My Mental Health Story

It’s World Mental Health Day tomorrow which is a day to reflect, open up and raise awareness for around one in four people that struggle with mental illness per year.

“Mental health is everyone’s business. We all have times when we feel down or stressed or frightened. Most of the time those feelings pass. But sometimes they develop into a more serious problem and that could happen to any one of us. Everyone is different. You may bounce back from a setback while someone else may feel weighed down by it for a long time.”

So settle down for this one, get yourself a coffee, or a gin. It’s quite a long one….

t r i g g e r                        w a r n i n g 

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I do question how open I should be on my blog, I try my best to find a balance between being open and not revealing everything. I reached out to my followers on Instagram stories to ask if this is something you may be interested in reading. 96% voted yes and two lads I went to university with voted no, so I’m sitting here with my coffee about to share some of my mental health experience with you all.

I have had problems with my mental health for around 6 years now, I have always felt incredibly anxious, stressed and ‘depressed’ more than the average person and I didn’t think anything of it for a long time. My main coping mechanism for everything that was going on at the time was food, I gained a significant amount of weight in year 11 which of course everyone around me was beginning to notice. This was difficult to deal with, especially with the ‘fat’ comments from my high school peers but I just carried on no matter what and tried my best to suppress all of the emotions that I was experiencing.

I only decided to reach out for help in my first year of university, I didn’t seek help before then because first of all, I was scared. What if the doctors thought I was crazy? I didn’t know what to expect and I didn’t really understand what they could do to help me, other than medication.

The breaking point came in which I had attempted an overdose, as I was lying there in my en suite bathroom, in what only can be described as the most intense pain and sickness I have ever felt, I realised that I really needed help. I kept that ‘incident’ let’s call it, hidden for a very long time, from my family and friends. I’m not going to go into a huge amount of detail about that because I don’t feel it’s necessary. It led to some health complications afterwards and I found myself being quite unwell often.

Despite the very long waiting lists, I have had a really positive experience with the NHS mental health services. I saw the doctor and I was placed on a waiting list for an initial assessment. It was a very long, draining few hours of talking and explaining. I was so scared about the appointment so Michaela offered to come with me, she waited in the mental unit waiting area all of that time and she didn’t even complain once and I love her so much for that.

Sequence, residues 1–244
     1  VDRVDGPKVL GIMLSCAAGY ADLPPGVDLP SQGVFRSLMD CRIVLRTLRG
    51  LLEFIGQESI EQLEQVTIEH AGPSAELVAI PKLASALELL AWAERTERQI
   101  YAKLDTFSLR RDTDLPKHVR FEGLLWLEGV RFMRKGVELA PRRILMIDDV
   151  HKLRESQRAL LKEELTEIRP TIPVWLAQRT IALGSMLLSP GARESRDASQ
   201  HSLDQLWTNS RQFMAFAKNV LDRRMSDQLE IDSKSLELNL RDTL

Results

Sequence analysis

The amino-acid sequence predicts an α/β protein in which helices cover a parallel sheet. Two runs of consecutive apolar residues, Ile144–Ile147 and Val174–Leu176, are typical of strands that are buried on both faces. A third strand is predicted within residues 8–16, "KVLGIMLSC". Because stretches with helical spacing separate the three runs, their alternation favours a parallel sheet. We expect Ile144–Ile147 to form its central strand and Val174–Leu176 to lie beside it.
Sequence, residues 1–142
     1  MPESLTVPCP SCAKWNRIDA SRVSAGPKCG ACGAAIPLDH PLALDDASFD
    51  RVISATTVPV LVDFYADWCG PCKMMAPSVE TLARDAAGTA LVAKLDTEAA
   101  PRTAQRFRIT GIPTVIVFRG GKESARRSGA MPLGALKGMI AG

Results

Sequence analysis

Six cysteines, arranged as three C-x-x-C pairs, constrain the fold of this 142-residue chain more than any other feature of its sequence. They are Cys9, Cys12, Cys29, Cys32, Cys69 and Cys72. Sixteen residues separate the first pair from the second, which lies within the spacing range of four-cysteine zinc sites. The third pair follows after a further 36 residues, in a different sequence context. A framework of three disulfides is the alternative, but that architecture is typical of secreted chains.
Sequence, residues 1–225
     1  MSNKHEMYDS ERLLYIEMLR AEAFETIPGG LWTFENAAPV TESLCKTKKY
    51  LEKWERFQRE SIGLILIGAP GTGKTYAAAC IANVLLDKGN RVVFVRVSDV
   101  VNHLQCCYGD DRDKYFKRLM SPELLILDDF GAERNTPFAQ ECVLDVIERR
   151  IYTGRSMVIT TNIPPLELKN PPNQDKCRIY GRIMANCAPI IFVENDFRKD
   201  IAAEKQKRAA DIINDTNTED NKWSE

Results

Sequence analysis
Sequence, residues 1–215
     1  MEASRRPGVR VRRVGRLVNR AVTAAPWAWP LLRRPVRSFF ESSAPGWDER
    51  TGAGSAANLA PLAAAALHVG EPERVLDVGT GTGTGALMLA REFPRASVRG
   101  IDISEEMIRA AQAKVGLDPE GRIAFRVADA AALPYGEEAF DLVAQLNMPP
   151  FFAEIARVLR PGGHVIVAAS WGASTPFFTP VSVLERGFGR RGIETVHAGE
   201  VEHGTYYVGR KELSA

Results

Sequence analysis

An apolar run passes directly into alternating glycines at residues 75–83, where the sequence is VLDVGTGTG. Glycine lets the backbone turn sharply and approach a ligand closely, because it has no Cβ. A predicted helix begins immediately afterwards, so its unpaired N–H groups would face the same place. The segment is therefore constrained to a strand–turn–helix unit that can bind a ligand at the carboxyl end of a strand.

Through that I received support through a community support nurse, a psychiatrist and the crisis team. This support latest throughout my time at university and is still ongoing with a different service in Cambridgeshire. I’ve tried a variety of different medication which I will talk about in another post if anyone would be interested in that?

I won’t sugar coat it, the past three years or so have been rough. However, I am lucky to have friends that would always be down for a chat and would support me through those dark times. There would be days to weeks I would lock myself away in my bedroom and the girls I lived with were so incredibly patient with me and I will be forever grateful for that. If it wasn’t for Elliot, Micheala, Claire, Hannah, Emma, Lauren, Glenn, Ryan, Nathan and Reece, I don’t think I would have finished my degree.

I experience to this day psychosis, paranoia, depression and anxiety and my mood varies from day to day. I’ve learnt to open up more to my friends and my family, if I’m not in a great place, I’m more likely to tell you. I have my down days and I have more knowledge and experience now to see what triggers me. My friend Libby recommended Daylio to me which is an app which you log your mood daily. I have included my September chart below which shows some of the way my mood fluctuates:

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September

I have been diagnosed with Borderline Personality Disorder which I am still learning about and understanding, the diagnosis has helped me understand myself and it has given me some relief as to why I act the way I do sometimes.

The symptoms of BPD can be grouped into four main areas:

  • emotional instability – the psychological term for this is “affective dysregulation”

This may include feelings of rage, sorrow, terror, panic as well as loneliness and emptiness.

  • disturbed patterns of thinking or perception – (“cognitive distortions” or “perceptual distortions”)